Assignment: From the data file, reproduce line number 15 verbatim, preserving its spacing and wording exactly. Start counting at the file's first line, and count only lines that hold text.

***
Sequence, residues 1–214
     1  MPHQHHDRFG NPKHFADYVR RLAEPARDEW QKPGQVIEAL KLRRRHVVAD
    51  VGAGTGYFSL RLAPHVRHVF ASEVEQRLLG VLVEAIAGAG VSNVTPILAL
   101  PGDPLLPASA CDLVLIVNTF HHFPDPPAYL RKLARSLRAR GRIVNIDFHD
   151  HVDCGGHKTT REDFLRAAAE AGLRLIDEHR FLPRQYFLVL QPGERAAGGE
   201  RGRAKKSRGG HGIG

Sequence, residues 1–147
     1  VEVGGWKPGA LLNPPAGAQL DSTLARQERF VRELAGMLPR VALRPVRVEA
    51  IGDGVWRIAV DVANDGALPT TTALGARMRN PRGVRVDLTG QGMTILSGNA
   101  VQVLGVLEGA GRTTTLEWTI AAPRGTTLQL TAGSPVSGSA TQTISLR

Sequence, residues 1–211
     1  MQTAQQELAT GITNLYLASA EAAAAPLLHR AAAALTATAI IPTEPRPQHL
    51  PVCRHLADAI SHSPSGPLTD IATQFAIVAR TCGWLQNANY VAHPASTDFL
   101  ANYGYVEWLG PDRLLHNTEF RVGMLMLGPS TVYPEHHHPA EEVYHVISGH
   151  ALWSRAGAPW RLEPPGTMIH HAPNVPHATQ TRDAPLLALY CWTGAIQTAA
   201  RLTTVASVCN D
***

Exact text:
   151  ALWSRAGAPW RLEPPGTMIH HAPNVPHATQ TRDAPLLALY CWTGAIQTAA